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How AI can help to develop medical treatments for those who can't pay much.

By Susanne FeldtUpdated Apr 25, 2022 | Published Jan 1, 2021

How AI can help to develop medical treatments for those who can't pay much.

Artificial intelligence is a powerful tool for increasing the speed and efficiency of medical research, which lead ultimately to better health outcomes for all. But in order to get the most out of AI, large and complete datasets are needed. Currently, the system is not designed for providing data accessibility. Here is where human-centered design strategies, combined with legal engineering can help. I will explore this in my next article. This article explains why we need AI in medical research, especially in drug development (R&D).

Situation/ Complication

Pharma has the potential to save the world. But instead of doing so, they are developing only for diseases with a market cap; meaning they investigate only in conditions affecting the wealthy countries/population, excluding significant diseases in underdeveloped regions. This is not only fair, it sounds so evil. But, R&D is very expensive, and Pharma needs to work economically. So we should improve processes to decrease R&D cost and help to innovate faster, also for the poor and fewer spread diseases.

Solution

But what if R&D could be much faster, cheaper? If we decrease cost, we help to innovate faster allow to develop treatments cheaper. This would affect not the ones with less economic power and the development of rare diseases. And this is where the potential of AI and large public data sets lie. A study by McKinsey concluded that at least 25% of the product development cost could be cut by using AI.


The potential of AI

With the support of cloud computing, AI is helping in several different ways by drug companies of all sizes, from large multinationals to early startups to discover new drugs and make the drug discovery process more efficient. Machine learning can help companies understand the impact of drugs on specific market segments. This allows them to adjust their strategy based on disease density or patient lifestyles.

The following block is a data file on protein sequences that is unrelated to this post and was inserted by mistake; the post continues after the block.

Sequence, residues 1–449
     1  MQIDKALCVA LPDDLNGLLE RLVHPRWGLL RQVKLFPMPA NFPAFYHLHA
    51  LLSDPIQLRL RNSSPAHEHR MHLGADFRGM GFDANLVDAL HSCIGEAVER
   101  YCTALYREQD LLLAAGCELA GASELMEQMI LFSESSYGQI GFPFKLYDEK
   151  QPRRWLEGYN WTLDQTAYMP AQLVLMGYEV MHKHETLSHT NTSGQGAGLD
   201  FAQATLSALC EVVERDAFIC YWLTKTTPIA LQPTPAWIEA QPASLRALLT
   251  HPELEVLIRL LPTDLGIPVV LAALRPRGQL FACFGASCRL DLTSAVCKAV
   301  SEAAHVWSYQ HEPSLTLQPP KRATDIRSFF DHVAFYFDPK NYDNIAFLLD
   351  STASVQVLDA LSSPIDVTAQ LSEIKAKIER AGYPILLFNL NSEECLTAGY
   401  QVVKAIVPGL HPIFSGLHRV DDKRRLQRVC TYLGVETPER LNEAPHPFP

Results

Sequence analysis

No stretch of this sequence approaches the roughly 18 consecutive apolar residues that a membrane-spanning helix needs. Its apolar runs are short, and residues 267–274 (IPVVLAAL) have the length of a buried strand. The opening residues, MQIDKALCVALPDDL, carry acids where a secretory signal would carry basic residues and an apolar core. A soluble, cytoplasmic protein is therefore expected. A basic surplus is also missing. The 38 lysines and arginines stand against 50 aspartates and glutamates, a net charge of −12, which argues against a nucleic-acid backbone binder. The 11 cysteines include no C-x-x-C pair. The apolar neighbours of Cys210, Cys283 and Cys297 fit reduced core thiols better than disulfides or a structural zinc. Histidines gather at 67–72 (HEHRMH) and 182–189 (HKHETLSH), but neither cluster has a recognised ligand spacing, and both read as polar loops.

AI or rare diseases
The use of AI in drug discovery is a strong one for healthcare; today, rare diseases hardly get tackled by researchers as they need to calculate the economic value. 85% of the R&D budget is spent developing drugs for conditions affecting 15% of the population. The potential of AI-powered screening is enormous, and some are predicting that it could reduce the time needed to find a successful drug treatment from 12 years to just two. It is so important in drug discovery that there are secure gates: testing it for a different type of disease, genomic level, genetic diversity.

AI for new drug discoveries
Researchers are using AI to investigate the genetic changes associated with different kinds of disease and the effects of experimental drugs. They can then use data to explore associations between genes or discover adjacent diseases. Oftentimes the given gene affects more than one condition.

AI for individualized drugs discoveries
We will soon be able to customize medicine for each individual truly. The FDA, the Food and Drug Administration launched a precision program on using data to accelerate drugs. Also, the National Institutes of Health are pitching a “All of Us”- campaign to collect data. The donation program is based on genomic data and includes environmental facts combined with health records. Every citizen of the United States can donate their data to research. In order to design tailored drug treatments. The UK Biobank has one of the largest collections of genomic data, and they have a sophisticated approach to opening up different levels of data. Also, other companies have created projects that offer publicly collected data for the benefit of all. A prominent example in Germany is data4life and their Covid research.

AI for optimized drugs discoveries
AI has the potential to unearth correlations between disease and treatment that can increase the chances of a successful product launch. And hereby make many aspects of healthcare more efficient, enabling more people to get better care at a lower cost. Researchers can predict the outcomes of events, and predictions are made based on patterns, trends, and exceptions found in historical and current data. This can lead to the identification of both risks and opportunities. Imagine that your doctors can predict how many of their patients will survive any given course of treatment.


Conclusion

Therefore we need to create a systematic change in how we collect and share more health data, even with the so-called "evil" pharma industry. This helps us all to get healthier and democratize health globally.

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